QUETTA, 11 December, 2017: Heading towards the ‘Safe from the Start’ centre with a hobbled walk, a 27-year-old Afghan refugee teacher is confident and indifferent to the bullies around.
Miraj Bibi was born with a rounded back in Quetta, the north-western city which is the provincial capital of Balochistan, Pakistan. Her spine developed a twist that later affected her legs. Her family moved to Pakistan from Logar, a province in the eastern part of Afghanistan. Her father was strictly against girl education and it was a struggle for her to go to school. After passing her 10th grade, she waited for years for an opportunity to use her knowledge and skills.
In 2017, her mother introduced her to the Safe from the Start project. A project initially funded directly by the United Nations High Commissioner for Refugees (UNHCR), which is now supported by UNIQLO, the Japanese clothing company.
The project was first run in Quetta in 2016 and targeted 130 women. In 2017, the project has 100 women in the Ghousabad region in Quetta and offers training in kilim making, machine and hand embroidery, stitching and tailoring.
Miraj immediately felt the project provided a safe working environment for her and she was recruited as a teacher at the centre. Over time, she has developed a reputation as a courageous and bright girl, who inspires fellow teachers, management and students.
Miraj recalls her struggle to get an education. She gives a lot of credit to her mother, who played a vital role in convincing her father to allow her to attend school. She recalls that when she passed the 5th grade she was not able to immediately continue with her studies since she was considered an old girl by her father. He strongly believed that girls should be confined to a domestic life, like many other men in the community and that a girl going outside of the home brings shame to a family. When her father got a job in Peshawar she took the opportunity and continued with her education. Her mother’s support was important, but she also received support from her teachers, brothers and neighbours.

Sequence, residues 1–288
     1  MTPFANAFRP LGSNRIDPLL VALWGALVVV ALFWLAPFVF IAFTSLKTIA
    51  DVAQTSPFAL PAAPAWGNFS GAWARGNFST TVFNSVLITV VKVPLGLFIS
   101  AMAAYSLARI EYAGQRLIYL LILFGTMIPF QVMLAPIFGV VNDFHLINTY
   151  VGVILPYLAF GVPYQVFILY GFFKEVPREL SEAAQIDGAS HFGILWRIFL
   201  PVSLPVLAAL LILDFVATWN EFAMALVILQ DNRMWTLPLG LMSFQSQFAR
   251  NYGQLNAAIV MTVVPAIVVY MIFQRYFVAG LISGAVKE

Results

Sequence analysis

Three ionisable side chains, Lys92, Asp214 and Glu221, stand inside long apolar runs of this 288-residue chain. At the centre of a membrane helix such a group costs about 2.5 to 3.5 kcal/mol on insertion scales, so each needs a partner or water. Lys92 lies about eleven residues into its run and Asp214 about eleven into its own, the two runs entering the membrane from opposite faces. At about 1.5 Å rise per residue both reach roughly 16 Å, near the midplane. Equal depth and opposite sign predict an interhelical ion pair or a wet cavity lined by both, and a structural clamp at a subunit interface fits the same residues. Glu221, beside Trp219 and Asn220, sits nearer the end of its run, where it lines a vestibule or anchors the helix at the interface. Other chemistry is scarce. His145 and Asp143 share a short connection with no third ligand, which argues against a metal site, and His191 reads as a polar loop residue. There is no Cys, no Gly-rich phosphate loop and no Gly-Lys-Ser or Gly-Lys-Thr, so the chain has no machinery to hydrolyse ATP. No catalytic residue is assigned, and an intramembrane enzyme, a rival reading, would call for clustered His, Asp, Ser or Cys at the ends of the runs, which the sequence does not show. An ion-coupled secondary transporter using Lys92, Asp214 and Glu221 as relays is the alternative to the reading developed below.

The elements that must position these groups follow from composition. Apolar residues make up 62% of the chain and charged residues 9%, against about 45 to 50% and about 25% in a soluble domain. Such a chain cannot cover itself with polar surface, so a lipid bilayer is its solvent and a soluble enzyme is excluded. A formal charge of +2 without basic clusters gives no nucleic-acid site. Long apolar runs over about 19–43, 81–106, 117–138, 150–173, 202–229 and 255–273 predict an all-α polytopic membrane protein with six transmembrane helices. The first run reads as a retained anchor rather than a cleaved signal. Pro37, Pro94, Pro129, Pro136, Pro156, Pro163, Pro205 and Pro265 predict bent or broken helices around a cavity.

Her life took another turn when she passed the 9th grade. Her father lost his job and came back. He was furious that she had continued to go to school in his absence, however Miraj was able to complete 10th grade, but at home. She was helped by her teacher and classmates who provided her with books and notes. She passed her 10th grade exams in 2007. While wiping away her tears, Miraj recalled that her father followed the tradition of his father and enrolled his sons in a well-known English-medium private school.
Between 2007 and 2017, Miraj spent her time at home reading books and learning new things – she particularly liked English learning guides. She started tailoring and embroidery work to earn some money. Her father fixed her engagement with a relative, but the family refused the offer of marriage because of her physical condition. Later, her mother refused a marriage proposal for her because she did not want Miraj to suffer violence for being unable to carry out domestic work expected of women.
She eventually convinced her father that because she could not marry he should allow her to stand on her own and live her life. She is now serving as a teacher at the Safe from the Start centre. She showed her first salary to her father with pride that she could earn and contribute to the family. Miraj says that after this her father greets her properly when she enters the home. This fills her heart with immense happiness and pride. Her father says that he spent a lot of resources on his sons, but his daughter made it on her own.
Miraj now plans to study at a higher level. She knows that her spine condition can be cured in Karachi, but right now this is beyond what she can afford. She is determined to achieve her dreams to be an independent and useful member of society and will not let her physical disability get in her way.
By Humera Karim in Quetta